It is increasingly important that nurses recognize cytokine release syndrome and other side effects that can be triggered by treatment with engineered CAR T-cell therapies.
It is increasingly important that oncology nurses and other healthcare providers recognize cytokine release syndrome (CRS) and other side effects that can be triggered by anticancer treatment with engineered chimeric antigen receptor (CAR) T-cell therapies, and that they understand the importance of early detection, a speaker emphasized at the Oncology Nursing Society (ONS) 42nd Annual Congress, held May 4–7 in Denver.
“Careful monitoring is essential for early detection of CAR T-cell side effects,” said study coauthor Brenna Hansen, BSN, RN, OCN, a research nurse specialist at the Center for Cancer Research, National Cancer Institute, Bethesda, Maryland. “Early recognition of symptoms results in early intervention and safe management of the patient by the multidisciplinary team.”
CAR T-cell therapy involves equipping immune T cells with engineered receptors to facilitate immune attack on tumor cells expressing specific surface proteins. Patient T cells are collected and modified in a lab to express cancer-specific receptors. These are then infused back into the patient.
CAR T-cell therapies show promise against hematologic malignancies and other cancers but can trigger a range of initially subtle but potentially life-threatening side effects. Perhaps chief among these adverse reactions is CRS and neurologic side effects that might or might not occur with CRS. Most of these are reversible with corticosteroids or other treatment.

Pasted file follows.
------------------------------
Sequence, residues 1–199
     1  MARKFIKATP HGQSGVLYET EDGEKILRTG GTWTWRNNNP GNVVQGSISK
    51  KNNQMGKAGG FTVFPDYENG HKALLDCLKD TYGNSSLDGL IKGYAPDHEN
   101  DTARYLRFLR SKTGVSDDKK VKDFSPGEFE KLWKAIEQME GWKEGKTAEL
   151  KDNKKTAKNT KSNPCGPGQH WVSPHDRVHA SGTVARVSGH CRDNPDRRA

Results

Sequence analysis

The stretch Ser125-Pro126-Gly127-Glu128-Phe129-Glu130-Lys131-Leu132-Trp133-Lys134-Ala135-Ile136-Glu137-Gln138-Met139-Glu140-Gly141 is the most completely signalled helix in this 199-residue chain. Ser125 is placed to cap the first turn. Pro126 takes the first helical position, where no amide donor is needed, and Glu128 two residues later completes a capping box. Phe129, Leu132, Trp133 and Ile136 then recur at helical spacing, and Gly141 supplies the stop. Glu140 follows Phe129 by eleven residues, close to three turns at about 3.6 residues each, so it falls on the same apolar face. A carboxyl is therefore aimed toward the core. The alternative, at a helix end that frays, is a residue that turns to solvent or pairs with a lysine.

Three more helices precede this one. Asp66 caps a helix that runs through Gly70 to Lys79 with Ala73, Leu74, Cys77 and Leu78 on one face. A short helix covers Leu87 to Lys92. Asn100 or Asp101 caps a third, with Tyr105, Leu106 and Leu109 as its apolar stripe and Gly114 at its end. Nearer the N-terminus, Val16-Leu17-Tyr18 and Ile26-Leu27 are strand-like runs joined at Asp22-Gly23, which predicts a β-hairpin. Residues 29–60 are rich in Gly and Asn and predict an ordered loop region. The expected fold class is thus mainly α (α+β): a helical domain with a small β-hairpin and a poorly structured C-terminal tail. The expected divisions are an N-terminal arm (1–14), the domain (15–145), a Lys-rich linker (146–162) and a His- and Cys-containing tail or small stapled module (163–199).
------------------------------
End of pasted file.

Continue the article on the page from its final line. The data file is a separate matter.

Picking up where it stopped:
CRS symptoms include fever, tachycardia, and hypotension occurring within a week (typically 4–7 days) after CAR T-cell infusion, though CRS can occur more quickly. “I’ve seen CRS as soon as a day after infusion,” Hansen cautioned.
Heart arrhythmias, fatigue, hypoxia, pulmonary edema, pneumonitis, electrolyte imbalances, nausea, vomiting, diarrhea, cytopenias, infections, elevated creatinine kinase, myalgia, and muscle weakness can all be signs of CRS.
Neurologic side effects can include tremors, headaches, confusion, loss of balance, trouble speaking, encephalopathy, seizures, long periods of somnolence, and sometimes, hallucinations, Hansen noted.
These symptoms can be subtle initially. Hansen described a CAR T-cell therapy patient’s transportation by ambulance to the hospital after detection of a subtle hand tremor because clinicians were concerned it could quickly worsen.
CAR T-cell therapies can also trigger receptor/cell-type specific side effects such as CAR19-associated B-cell aplasia and graft-vs-host disease. New side effects will likely emerge as new targets are found and CAR T-cell therapies become more commonly administered, she predicted.
Nurses play key roles in every stage of CAR T-cell toxicity monitoring and management, from inpatient monitoring at the bedside, including frequent assessments and checks of vital signs during high-risk periods, to outpatient and long-term monitoring, Hansen said.
Outpatient monitoring for patients who are infused as outpatients, or post-discharge, is key to spotting delayed toxicities, she emphasized. Clinic and triage nurses play key roles in the timely recognition of late CAR T-cell side effects.
Long-term monitoring is important, as well. Home oncology clinic nurses should monitor serum IgG (IVIG) and blood cell counts with differential.
“If symptoms become severe, cells may be tempered with tocilizumab or corticosteroids,” she said. “However, this is avoided if possible to prevent damaging the anti-malignancy effects of the CAR T cells.”
It is crucial that nursing staff be educated on side effects unique to CAR T-cell treatments, and that nursing guidance be provided specifying the signs and symptoms that should be communicated to patients’ other healthcare providers-and patients themselves-to allow early detection and intervention. “Having a written plan can help prevent confusion and provide clear guidelines for the patient’s care,” she noted.